Features

A+ Setup

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By Sam King


If you ask a fan of Fort Smith’s A+ Setup to describe the band, you’ll probably hear things along the line of “regular guys,” “sort of like Joy Division,” and “I can’t believe that much sound comes out of that amp,” –but that wouldn’t quite cover it.

For the past few years, A+ Setup have pounded out some of the most compelling rock and roll in our neck of the woods.  Last year, they self-recorded and released the CD Language, a full-length markedly clean and clear in comparison to their roaring live show. It allows for a more careful study of the songs, which is nice (because frontman Benjamin Evans sometimes sings faster than this listener can think).  TJ Deeter, editor of Little Rock’s The Localist, has gone on record several times to say that A+ Setup is one Arkansas’s best bands. Having shared the stage with them more than a few times myself, I’m inclined to agree.

Evans and guitarist Kyle Chandler were kind enough to answer some questions, in their self-effacing, grudgingly practical way.

FW: You guys self-recorded and produced your first album, and you’re gearing up to do another. Has anything changed in the writing and recording process since the first go-around?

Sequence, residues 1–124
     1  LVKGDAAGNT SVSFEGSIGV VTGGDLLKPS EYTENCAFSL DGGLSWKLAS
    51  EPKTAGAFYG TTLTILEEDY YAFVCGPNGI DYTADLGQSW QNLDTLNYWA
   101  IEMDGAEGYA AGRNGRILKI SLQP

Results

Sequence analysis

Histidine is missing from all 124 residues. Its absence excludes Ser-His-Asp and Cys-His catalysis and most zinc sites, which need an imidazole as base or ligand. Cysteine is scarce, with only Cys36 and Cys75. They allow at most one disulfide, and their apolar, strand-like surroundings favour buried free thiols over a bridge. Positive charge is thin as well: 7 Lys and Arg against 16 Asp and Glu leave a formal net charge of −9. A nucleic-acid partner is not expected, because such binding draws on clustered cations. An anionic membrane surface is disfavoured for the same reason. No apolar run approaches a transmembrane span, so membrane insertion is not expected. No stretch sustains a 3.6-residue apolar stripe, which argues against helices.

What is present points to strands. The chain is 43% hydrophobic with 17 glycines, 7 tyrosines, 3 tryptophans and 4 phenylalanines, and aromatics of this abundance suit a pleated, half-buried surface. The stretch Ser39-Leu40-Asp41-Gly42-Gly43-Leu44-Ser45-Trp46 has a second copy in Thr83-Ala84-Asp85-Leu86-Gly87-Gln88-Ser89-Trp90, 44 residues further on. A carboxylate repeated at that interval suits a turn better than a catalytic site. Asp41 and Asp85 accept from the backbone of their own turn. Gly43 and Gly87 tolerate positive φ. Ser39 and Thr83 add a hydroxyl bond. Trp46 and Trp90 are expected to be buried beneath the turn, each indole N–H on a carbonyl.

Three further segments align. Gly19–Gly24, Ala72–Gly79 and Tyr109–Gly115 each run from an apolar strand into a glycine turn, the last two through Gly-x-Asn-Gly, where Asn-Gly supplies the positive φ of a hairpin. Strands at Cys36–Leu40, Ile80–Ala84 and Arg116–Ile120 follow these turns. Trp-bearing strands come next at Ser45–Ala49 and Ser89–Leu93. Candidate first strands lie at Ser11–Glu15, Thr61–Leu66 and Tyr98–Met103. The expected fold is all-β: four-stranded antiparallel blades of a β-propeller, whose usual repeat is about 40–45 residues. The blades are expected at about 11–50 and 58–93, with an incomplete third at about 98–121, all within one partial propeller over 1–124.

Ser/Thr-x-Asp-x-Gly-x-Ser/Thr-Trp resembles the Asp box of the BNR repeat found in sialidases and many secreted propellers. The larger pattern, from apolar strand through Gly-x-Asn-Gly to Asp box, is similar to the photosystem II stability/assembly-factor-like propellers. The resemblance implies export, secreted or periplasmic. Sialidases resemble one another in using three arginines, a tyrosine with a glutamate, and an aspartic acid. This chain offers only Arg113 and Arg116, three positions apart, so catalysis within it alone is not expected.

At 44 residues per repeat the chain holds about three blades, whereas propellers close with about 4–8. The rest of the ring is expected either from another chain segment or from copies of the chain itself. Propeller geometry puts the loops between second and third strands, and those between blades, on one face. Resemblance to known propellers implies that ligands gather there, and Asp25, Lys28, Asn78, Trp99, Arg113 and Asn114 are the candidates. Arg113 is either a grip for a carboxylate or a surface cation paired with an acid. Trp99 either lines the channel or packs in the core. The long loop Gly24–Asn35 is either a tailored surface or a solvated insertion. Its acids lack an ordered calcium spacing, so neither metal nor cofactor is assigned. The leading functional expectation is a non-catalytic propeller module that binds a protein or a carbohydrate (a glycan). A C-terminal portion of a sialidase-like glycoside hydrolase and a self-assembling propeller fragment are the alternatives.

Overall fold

Kyle: Um, we’re going to a studio next time.

Ben: It really comes down to the limitations of our recording equipment. Language was good, but there’s no denying the gap between that album and our live show. We just want to give recording live a shot to hear the difference and hopefully learn a bit more about making a record. The writing process remains as sporadic and frustrating as always.

FW: It’s hard going sometimes, being a band in these parts. You might not want for a lot of competition, but you might hurt for opportunities. You guys are a totally D.I.Y. entity: you book your own shows, and you release your own music. Would you say that is so by necessity, by choice, or is it a bit of both?

Ben: I’d say necessity for sure. Already having shows booked and only worrying about showing up and being good would be a dream.